7-29-04, 4:25 p.m.
7-30-04, 1:10 p.m. Updated:
7-30-04, 1:55 p.m. Updated:
7-30-04, 2:35 p.m. Updated:
7-30-04, 6:50 p.m.
BY GEOFF HOBSON
GEORGETOWN, Ky. - Let it be duly recorded that Carson Palmer checked in as one of the first Bengals to report to training camp Friday morning, 37 minutes early. He signed up for his TV, wheeled in a suitcase, and went to work as the No. 1 quarterback.
"Pretty much only clothes. You can never have enough clothes. I just threw in all the T-Shirts and shorts I had," Palmer said. "No books. Your playbook is all you need."
The Bengals confirmed that nine of their 11 draft picks are following Palmer into camp in preparation for Saturday's first practice at 8:45 a.m. at Georgetown College. Missing were first-rounder Chris Perry and second-rounder Keiwan Ratliff and Bengals head coach Marvin Lewis said he expected Ratliff in time for Saturday. But on Friday night, agent Drew Rosenhaus said he was trying to get Raliff there but still didn't have a deal.
"Eugene is never in a hurry," said Lewis, referring to Perry agent Eugene Parker. "I don't think that surprises anyone standing here."
Three signed before Thursday, and on Thursday the agents for second-rounder Madieu Williams, third-rounders Caleb Miller and Landon Johnson, and fourth-rounders Stacy Andrews and Robert Geathers said their clients have signed or are expected to sign Friday. The club also confirmed Matthias Askew, also represented by Rosenhaus.
The major reason the signings took a little longer is that the Bengals are attaching clauses to off-season workouts in the early-to-mid rounds that amount to a payback of the signing bonus to the club if they don't have 100 percent participation. Other teams have similar arrangements, but the numbers vary between 80 and 90 percent.
"I don't think it's as Draconian as some are making it out to be," said Kyle Rote Jr., Miller's agent. "I have faith that Marvin is going to administer the program fairly. If it had been a different head coach, it might be another story, but I trust him."
Rich Moran, the agent for Andrews, said he signed the deal after making sure there was language that workouts could be made up because of emergencies or special circumstances.
"Once we were clear on that, the 100 percent didn't bother me," Moran said. "We encourage all clients to be there all the time."
Lewis said the club adopted the language for rookie deals this season after watching other teams do it through the years.
"The question was put to me do we want to put it at 80 percent, 90 percent or 100 percent," Lewis said. "I said 100 percent because it is still up to me if we have a guy who has a legitimate issue or problem to allow him to do what he has to do to complete that. If it's 80 percent and the guy has the same problems, you still have to make a judgment and it's easier for me to make a judgment on 100 percent than 80 percent.
"If a guy has an issue, he has one stop. He comes to me and it's easy and that's kept it very, very clean," Lewis said.
Also Friday, former Cowboys tight end James Whalen passed his physical and signed a one-year deal.
Casey Bramlet, the Wyoming quarterback taken in the seventh round who has the edge on the No. 3 job, is in the fold for three years and joins fifth-rounder Maurice Mann and sixth-rounder Greg Brooks with signed deals.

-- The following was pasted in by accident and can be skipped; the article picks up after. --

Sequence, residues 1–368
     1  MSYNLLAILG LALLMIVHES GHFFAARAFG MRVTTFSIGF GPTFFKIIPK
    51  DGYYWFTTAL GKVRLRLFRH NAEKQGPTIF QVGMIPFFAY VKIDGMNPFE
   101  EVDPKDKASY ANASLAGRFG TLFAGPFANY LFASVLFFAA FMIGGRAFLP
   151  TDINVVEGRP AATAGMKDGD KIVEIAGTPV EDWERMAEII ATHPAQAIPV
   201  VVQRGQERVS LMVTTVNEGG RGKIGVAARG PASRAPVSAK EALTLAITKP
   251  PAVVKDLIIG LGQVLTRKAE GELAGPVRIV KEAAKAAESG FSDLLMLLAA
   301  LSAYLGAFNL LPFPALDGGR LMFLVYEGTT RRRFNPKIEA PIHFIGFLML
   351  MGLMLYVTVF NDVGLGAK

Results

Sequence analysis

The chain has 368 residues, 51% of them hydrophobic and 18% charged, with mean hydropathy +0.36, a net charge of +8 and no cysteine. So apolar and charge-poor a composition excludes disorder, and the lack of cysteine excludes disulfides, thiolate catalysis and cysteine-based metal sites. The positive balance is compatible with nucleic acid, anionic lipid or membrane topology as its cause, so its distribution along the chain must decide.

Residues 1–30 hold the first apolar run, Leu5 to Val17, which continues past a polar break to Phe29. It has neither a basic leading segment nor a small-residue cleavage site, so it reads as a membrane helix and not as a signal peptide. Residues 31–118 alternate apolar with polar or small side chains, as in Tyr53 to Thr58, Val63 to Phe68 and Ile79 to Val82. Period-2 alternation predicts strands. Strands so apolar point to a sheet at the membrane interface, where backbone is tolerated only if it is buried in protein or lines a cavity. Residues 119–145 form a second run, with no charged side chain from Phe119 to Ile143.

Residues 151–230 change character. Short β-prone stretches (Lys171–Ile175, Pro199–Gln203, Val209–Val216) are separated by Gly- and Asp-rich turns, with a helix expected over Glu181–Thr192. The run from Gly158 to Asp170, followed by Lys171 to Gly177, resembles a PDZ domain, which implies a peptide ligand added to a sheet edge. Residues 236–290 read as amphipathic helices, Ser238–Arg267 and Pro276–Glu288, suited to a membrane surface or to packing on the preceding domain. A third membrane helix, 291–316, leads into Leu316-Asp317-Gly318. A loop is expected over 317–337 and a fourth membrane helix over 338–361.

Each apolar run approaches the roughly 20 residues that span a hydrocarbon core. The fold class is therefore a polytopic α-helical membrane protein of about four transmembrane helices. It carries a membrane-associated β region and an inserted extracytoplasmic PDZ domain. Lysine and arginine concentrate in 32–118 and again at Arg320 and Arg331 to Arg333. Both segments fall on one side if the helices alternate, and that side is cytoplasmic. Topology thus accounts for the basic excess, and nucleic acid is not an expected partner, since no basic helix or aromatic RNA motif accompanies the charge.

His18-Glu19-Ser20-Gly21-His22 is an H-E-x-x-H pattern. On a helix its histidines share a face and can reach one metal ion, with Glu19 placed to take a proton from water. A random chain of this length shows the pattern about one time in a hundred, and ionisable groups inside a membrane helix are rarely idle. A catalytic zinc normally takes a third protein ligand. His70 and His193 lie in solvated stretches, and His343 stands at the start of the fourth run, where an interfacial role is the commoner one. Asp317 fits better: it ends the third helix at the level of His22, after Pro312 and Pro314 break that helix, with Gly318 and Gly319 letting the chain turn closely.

The Bengals also dipped into the college free-agent ranks Thursday when they signed Brigham Young cornerback James Allen to a one-year deal.The 5-10, 175-pound Allen was a BYU junior in 2003 and ranked fourth on the team in tackles with 57. He had four sacks and also returned nine kickoffs for an average of 18.1 yards.
Bramlet, who set school records for completions, passing yards, and touchdown passes during three seasons, looked impressive in the spring camps with more snaps than free agent rookie Scott Rislov. One intriguing note is that former Cowboys quarterback Chad Hutchinson has apparently cleared waivers and is now a free agent.
Bengals personnel consultant Bruce Coslet had been impressed by Hutchinson during the 2002 season as the Dallas offensive coordinator, but there is no word if Cincinnati is interested. Scott Boras, Hutchinson's agent, couldn't be reached for comment Thursday. The Coslet and Greg Seamon connection (Coslet's tight ends coach in Dallas who is now a Bengals scout) may have had a hand in the one-year agreement tight end James Whalen agreed to Wednesday.
It's believed that former Bengals linebacker Adrian Ross has an offer from the Steelers, as well as some possible interest from Cincinnati and another team.
Earlier in the day, Andy Simms, the agent for Johnson, the third-round linebacker from Purdue, said Thursday he was at an unspecified standoff with the club. But Thursday night, Simms said he and the club had reached financial terms and all that remained for Friday morning was to hammer out some language he wouldn't disclose.
On Friday, Simms said he thought the NFL Players Association should file a grievance on the Bengals' 100 percent clause.
"I know they're good people there. I have faith in them," Simms said. "But the language is such that it gives so much power to the team that I think any agent would be hesitant about signing it. But after yelling about it for weeks, they made clear they weren't going to change it."
Also, there are no indications the Bengals are pursuing safety Rod Woodson, the 39-year-old favorite of head coach Marvin Lewis. Given Woodson's age and health issues, as well as Lewis' swing toward youth, it doesn't apear to be a match.